shin guard

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Related to shin guard: shin splints
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Noun1.shin guard - a stiff protective garment worn by hockey players or a catcher in baseball to protect the shinsshin guard - a stiff protective garment worn by hockey players or a catcher in baseball to protect the shins
protective garment - clothing that is intended to protect the wearer from injury
References in periodicals archive ?
Similarly, significant interaction effects were also present between the shin guard brand and the impact level for the maximum force (F = 36.58, [[eta].sup.2] = 0.644, p < 0.001) and for the impulse (F = 2.86, [[eta].sup.2] = 0.124, p < 0.029) (Figure 2C, D).
Features include the company's Brush Tuff material that stands up to unforgiving brush and briars, a new abrasion-resistant shin guard and an upper that has a moisture-wicking jersey liner that can easily be rolled down in warm temperatures.
In the sixth minute, Miyoshi had a crack at the Swedish goal but his volley flew off his shin guard, and in the second instance a minute later, he mistimed his shot and it went straight into the waiting arms of goalkeeper Sixten Mohlin.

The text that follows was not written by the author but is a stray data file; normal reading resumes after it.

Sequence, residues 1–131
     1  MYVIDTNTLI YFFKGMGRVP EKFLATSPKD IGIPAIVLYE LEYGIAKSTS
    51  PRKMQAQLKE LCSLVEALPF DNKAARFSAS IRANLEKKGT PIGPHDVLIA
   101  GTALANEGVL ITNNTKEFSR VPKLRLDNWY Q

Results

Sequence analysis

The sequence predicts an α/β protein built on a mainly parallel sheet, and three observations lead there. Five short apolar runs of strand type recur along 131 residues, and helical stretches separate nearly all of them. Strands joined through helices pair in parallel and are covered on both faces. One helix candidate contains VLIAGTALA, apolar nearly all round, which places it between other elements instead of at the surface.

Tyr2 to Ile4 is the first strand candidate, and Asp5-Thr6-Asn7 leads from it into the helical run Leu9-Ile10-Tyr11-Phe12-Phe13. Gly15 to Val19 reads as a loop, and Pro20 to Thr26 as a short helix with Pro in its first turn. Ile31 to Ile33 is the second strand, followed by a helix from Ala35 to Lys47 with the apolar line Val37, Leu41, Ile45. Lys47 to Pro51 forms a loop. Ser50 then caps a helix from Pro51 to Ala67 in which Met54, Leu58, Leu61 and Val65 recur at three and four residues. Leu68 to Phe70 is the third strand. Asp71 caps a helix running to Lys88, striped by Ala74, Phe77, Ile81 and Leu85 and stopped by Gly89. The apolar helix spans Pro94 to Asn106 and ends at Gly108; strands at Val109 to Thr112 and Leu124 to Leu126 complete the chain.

Match funding of pounds 6,500 has been given towards Redbacks, which has developed after initially being created as a shin guard for footballers.
The hinged shin guard was developed by the Dodgers in the late 1950s, one of three notable catcher inventions they created.
But the minor roots that the sport has established so far in America have been put down neither by the immigrant fans nor the Saturday morning shin guard posse but instead by cultural tourists like those who watch each Sunday with me, returned refugees from junior years abroad.
Shin guard, nonballistic, protects the feet, shin, and knees
MLB handed down the suspension Friday, a day after umpire crew chief Bill Miller was hit on the foot by a small shin guard or batting gloves thrown from the dugout by Cabrera after he was ejected in the sixth inning of a 4-2 win over Cleveland.
A well-designed shin guard should provide adequate protection for the shank, but allow range of motion of the ankle and the knee (Eugene, 2003).
This incredible technology is available in sports bags, t-shirts, shin guard pads, shoe inserts, skull caps, and helmet pads.